An age-period-cohort analysis of mortality rates for stomach, colorectal, liver, and lung cancer among prefectures in Japan, 1999–2018

Tasuku Okui
2020 Environmental Health and Preventive Medicine  
Background Although change in the birth cohort effect on cancer mortality rates is known to be highly associated with the decreasing rates of age-standardized cancer mortality rates in Japan, the differences in the trends of cohort effect for representative cancer types among the prefectures remain unknown. This study aimed to investigate the differences in the decreasing rate of cohort effects among the prefectures for representative cancer types using age-period-cohort (APC) analysis. Methods
more » ... ) analysis. Methods Data on stomach, colorectal, liver, and lung cancer mortality for each prefecture and the population data from 1999 to 2018 were obtained from the Vital Statistics in Japan. Mortality data for individuals aged 50 to 79 years grouped in 5-year increments were used, and corresponding birth cohorts born 1920–1924 through 1964–1978 were used for analysis. We estimated the effects of age, period, and cohort on each type of mortality rate for each prefecture by sex. Then, we calculated the decreasing rates of cohort effects for each prefecture. We also calculated the mortality rate ratio of each prefecture compared with all of Japan for cohorts using the estimates. Results As a result of APC analysis, we found that the decreasing rates of period effects were small and that there was a little difference in the decreasing rates among prefectures for all types of cancer among both sexes. On the other hand, there was a large difference in the decreasing rates of cohort effects for stomach and liver cancer mortality rates among prefectures, particularly for men. For men, the decreasing rates of cohort effects in cohorts born between 1920–1924 and 1964–1978 varied among prefectures, ranging from 4.1 to 84.0% for stomach cancer and from 20.2 to 92.4% for liver cancers, respectively. On the other hand, the differences in the decreasing rates of cohort effects among prefectures for colorectal and lung cancer were relatively smaller. Conclusions The decreasing rates of cohort effects for stomach and liver cancer varied widely among prefectures. It is possible that this will influence cancer mortality rates in each prefecture in the future.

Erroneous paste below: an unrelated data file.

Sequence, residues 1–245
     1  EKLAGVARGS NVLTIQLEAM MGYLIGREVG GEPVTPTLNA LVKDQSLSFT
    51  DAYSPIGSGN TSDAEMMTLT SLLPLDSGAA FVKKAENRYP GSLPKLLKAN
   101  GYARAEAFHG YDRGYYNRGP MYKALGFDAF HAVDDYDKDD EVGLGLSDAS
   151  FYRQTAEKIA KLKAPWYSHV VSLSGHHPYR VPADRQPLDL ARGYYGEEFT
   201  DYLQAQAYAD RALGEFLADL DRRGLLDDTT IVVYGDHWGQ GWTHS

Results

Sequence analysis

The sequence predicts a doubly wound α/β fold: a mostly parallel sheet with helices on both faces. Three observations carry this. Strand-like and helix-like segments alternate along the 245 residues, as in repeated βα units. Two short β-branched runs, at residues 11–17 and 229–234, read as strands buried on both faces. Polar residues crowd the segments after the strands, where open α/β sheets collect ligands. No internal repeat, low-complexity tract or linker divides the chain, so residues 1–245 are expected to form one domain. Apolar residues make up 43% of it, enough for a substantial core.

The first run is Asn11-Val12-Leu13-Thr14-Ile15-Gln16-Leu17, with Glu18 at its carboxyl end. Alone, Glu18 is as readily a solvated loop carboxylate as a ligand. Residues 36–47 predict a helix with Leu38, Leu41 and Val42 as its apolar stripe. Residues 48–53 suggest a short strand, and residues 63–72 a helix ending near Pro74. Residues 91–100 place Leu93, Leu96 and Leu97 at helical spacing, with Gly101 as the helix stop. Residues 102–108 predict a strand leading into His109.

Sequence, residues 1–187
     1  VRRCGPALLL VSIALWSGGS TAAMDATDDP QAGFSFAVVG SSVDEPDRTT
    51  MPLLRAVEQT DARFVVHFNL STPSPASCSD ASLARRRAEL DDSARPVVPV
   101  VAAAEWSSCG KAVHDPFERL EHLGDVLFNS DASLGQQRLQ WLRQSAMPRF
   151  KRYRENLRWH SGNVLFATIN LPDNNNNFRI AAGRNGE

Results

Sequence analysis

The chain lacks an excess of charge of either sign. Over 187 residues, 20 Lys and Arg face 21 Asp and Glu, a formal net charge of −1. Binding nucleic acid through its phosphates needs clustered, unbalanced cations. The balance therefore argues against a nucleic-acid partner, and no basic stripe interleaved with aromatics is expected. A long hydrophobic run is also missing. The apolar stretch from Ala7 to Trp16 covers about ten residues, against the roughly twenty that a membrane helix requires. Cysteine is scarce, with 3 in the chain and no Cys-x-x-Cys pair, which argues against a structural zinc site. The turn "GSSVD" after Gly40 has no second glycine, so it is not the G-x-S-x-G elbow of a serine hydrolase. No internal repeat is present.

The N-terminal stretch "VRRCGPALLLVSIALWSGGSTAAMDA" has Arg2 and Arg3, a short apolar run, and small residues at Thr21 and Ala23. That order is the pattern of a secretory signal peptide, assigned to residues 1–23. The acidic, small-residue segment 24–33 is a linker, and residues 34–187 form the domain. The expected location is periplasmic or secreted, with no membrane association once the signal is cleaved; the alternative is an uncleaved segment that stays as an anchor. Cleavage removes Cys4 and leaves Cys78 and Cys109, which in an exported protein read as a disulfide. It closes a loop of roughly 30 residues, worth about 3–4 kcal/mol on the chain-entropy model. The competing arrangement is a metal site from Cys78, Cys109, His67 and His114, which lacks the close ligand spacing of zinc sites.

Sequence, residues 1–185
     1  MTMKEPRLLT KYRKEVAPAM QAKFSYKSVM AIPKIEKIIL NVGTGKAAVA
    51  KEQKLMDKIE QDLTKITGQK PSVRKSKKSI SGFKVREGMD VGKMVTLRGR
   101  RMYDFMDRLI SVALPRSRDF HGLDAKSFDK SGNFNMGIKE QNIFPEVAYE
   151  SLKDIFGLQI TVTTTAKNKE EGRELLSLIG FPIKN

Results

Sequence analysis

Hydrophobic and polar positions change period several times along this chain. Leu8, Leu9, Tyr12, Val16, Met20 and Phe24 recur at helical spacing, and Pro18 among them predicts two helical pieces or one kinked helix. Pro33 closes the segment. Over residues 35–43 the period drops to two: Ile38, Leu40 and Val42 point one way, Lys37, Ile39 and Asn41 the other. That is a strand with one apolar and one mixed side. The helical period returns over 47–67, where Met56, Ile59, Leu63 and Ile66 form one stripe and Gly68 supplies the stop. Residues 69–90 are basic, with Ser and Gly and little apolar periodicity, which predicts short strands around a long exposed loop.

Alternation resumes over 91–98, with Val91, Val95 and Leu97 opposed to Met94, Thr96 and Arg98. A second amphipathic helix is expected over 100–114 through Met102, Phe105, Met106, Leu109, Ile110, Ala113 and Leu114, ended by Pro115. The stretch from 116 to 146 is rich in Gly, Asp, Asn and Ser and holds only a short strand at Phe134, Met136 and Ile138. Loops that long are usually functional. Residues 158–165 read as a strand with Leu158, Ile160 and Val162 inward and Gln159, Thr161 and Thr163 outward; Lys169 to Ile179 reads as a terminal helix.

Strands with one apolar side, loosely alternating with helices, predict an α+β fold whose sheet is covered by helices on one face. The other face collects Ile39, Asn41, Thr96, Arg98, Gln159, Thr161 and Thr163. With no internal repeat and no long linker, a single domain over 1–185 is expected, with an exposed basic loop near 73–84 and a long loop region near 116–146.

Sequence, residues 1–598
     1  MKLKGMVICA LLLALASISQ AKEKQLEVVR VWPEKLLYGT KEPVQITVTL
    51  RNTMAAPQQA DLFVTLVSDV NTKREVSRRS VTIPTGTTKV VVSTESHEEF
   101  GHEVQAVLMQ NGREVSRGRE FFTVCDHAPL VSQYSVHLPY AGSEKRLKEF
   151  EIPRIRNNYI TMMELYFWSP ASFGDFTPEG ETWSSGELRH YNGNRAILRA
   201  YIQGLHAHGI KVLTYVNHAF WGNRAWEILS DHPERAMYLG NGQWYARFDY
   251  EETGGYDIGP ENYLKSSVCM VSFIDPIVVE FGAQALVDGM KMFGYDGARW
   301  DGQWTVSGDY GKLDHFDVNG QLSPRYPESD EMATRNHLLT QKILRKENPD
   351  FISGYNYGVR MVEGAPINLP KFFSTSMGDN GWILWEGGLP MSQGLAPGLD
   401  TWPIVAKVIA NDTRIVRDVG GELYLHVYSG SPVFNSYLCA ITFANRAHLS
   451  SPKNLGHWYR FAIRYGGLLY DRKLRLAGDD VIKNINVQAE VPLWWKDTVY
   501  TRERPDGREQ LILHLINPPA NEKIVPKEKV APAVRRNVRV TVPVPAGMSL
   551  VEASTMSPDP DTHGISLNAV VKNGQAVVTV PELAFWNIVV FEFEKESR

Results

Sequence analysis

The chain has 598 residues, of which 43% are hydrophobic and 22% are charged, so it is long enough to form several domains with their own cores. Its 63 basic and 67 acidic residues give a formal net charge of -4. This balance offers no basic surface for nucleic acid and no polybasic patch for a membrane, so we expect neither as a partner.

doi:10.1186/s12199-020-00922-0 pmid:33278883 fatcat:by35n4ovejexpopcevpshyoweq